6. Alabama

Top 10 Singles: 51

Top 10 Albums: 26

Total Sales: over 75 million albums

Notable Hits: Song of the South, Dixieland Delight, Mountain Music

Peak Years: 1980-1993

Nicknames: the Bama Boys

Background:

The musical trio from Ft. Payne, Alabama is the only group that earned inclusion on this list. Country music has never been a genre typically known for favoring bands over strong solo acts, and Bama stands head and shoulders above all other country groups (sorry Dixie Chicks). For thirteen years, Alabama cranked out hit after hit. They created a new style of smooth country rock, and rose to superstardom with a mix of sad country ballads and upbeat foot stomping fiddle songs championing their southern heritage. They blended electric guitar and vocal effects with hard country fiddle music like no one before, and absolutely exploded through stereos on an unexpecting world in the early eighties. Some would argue they are ranked too highly, but look no further than their notable hits listed above for an explanation. Go into any bar in the country, be it a happening college bar in Knoxville or a dirty old Honky Tonk in rural Pennsylvania, and turn on one of their mega hits, and you will see ever toe in the joint start tapping. Alabama revolutionized country music, and their megahits remain popular with younger generations.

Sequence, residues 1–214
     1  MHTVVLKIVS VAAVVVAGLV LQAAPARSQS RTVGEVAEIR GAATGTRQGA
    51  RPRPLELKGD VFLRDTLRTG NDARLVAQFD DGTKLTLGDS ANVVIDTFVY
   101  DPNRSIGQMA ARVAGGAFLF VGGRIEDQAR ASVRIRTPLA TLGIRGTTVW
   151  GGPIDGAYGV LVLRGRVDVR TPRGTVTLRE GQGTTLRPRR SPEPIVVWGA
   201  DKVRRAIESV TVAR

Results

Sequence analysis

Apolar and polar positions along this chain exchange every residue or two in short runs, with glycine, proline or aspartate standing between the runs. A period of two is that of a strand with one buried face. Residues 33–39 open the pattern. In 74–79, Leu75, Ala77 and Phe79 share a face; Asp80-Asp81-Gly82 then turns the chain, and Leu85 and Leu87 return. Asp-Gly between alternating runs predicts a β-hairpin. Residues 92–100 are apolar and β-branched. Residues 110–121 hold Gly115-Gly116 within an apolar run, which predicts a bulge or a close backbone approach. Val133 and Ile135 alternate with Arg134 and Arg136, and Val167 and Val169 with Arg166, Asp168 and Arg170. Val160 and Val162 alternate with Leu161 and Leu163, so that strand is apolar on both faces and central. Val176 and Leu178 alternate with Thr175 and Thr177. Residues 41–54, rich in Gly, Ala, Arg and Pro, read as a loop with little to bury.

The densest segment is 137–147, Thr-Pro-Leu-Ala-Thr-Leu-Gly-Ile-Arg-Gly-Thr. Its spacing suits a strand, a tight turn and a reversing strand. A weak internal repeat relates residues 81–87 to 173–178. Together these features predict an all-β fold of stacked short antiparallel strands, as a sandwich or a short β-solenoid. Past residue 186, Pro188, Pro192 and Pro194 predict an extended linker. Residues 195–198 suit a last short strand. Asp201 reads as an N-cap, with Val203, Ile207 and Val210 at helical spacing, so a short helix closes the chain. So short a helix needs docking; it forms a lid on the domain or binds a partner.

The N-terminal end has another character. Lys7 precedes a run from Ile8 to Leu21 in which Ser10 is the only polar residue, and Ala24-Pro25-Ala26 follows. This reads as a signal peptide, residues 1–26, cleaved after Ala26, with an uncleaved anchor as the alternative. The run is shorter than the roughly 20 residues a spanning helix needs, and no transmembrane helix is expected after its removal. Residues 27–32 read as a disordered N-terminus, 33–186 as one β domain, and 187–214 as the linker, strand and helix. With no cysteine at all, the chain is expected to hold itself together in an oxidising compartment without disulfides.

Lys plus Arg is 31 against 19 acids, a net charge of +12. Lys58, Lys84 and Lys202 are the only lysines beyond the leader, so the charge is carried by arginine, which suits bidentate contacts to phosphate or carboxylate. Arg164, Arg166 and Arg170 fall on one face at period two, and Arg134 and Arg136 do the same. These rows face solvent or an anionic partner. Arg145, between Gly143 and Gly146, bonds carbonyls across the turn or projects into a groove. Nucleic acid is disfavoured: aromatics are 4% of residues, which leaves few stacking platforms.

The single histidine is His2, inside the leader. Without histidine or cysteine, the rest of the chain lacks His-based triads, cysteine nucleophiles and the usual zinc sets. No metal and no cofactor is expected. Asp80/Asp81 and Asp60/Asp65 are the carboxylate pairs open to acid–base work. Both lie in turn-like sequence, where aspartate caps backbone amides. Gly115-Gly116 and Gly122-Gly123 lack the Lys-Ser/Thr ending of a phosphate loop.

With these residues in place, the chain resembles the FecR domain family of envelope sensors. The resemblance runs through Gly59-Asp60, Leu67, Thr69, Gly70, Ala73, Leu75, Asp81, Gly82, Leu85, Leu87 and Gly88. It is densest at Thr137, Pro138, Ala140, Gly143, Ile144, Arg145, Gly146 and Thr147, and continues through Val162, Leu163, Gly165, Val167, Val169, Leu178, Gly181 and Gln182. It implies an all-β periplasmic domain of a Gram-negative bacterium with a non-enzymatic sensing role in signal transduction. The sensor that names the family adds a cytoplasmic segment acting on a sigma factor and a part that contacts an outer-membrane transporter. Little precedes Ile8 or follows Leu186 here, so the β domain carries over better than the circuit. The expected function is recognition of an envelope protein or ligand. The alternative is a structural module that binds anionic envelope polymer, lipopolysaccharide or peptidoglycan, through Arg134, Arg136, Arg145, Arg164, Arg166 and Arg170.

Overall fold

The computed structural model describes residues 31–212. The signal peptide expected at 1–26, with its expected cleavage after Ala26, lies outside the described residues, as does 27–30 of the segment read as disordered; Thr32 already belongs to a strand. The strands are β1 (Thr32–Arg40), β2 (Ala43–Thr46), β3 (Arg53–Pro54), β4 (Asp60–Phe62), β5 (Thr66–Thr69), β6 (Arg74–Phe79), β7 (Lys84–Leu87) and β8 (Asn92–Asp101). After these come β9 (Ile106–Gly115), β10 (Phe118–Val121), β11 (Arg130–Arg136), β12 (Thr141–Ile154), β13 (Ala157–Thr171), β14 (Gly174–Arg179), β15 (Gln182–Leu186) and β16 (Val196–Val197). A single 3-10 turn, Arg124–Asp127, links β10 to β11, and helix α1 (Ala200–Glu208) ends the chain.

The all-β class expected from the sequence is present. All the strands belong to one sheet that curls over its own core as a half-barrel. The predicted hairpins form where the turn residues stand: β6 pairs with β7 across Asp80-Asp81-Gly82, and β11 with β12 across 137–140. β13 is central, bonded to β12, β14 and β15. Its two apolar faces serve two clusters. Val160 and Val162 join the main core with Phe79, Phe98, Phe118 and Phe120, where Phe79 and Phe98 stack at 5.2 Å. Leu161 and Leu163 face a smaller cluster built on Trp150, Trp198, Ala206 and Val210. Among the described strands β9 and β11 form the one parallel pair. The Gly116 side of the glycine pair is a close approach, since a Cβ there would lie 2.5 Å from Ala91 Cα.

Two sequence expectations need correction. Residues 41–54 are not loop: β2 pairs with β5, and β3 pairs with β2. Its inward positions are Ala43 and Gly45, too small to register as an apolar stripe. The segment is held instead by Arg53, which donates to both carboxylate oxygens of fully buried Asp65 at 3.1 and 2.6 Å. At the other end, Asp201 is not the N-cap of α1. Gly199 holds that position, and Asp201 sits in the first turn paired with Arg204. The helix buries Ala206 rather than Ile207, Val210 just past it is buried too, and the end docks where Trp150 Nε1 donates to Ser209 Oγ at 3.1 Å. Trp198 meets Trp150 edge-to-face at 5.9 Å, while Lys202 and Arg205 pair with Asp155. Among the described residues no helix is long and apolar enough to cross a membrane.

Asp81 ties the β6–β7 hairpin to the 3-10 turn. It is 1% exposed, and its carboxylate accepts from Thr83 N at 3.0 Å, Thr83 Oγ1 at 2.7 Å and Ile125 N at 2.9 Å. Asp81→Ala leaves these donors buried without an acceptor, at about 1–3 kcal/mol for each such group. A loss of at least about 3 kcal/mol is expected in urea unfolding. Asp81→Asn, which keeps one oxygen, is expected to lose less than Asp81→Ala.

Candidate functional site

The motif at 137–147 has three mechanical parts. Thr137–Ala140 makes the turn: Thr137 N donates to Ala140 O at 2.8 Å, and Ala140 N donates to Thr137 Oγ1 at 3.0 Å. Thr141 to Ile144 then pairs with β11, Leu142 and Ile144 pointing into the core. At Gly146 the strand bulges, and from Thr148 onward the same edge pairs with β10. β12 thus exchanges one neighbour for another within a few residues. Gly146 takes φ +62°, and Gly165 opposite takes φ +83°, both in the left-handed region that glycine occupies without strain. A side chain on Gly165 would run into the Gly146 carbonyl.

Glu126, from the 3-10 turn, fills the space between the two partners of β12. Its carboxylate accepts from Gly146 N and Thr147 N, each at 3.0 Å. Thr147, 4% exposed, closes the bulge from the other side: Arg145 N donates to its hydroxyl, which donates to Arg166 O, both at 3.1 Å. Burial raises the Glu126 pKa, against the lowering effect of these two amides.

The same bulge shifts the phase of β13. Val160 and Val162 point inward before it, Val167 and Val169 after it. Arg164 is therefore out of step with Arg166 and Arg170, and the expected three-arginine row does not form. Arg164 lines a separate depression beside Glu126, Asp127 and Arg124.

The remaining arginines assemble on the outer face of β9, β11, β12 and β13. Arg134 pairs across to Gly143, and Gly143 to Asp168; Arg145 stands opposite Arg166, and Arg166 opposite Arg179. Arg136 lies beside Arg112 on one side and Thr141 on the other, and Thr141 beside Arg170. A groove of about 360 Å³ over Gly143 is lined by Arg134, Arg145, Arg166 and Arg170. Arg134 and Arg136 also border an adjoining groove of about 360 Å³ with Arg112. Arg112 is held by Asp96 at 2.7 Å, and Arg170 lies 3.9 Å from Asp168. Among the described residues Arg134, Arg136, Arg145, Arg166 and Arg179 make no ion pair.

5. Waylon Jennings

Top 10 Singles: 53

Top 10 Albums: 29

Total Sales: unknown

Notable Hits: Luchenback, Texas, Mama’s Don’t Let Your Babies Grow Up to Be Cowboys, Good Hearted Woman

Peak Years: 1974-1985

Nicknames: Watasha

Background:

Waylon, as much as Cash, was an icon in his own time. Along with friends Willie Nelson and Tampall Glaser, he went to war with the Nashville establishment and won. Jennings, frustrated for years by creative restrictions from pop country Nashville producers, went out on his own in the early 70s, and created a new sub-genre, Outlaw Country. He gave music row the finger and moved down the street to Glaser’s studio, later dubbed “Hillbilly Central” for it’s production of anti-pop country music. In 1974, Jennings’ Outlaw record became the first ever country album to be certified platinum, and just like that the revolution was afoot. He rejected the smooth Nashville Sound and its full orchestras and choirs for a new take on traditional country. He mixed steel guitar and fiddles with a hard electric base guitar to create a distinctive sound, and paired it with lyrics about taking on the man and fierce independence. He is the father of a genre, and is prominently paid homage by outlaw stars of today.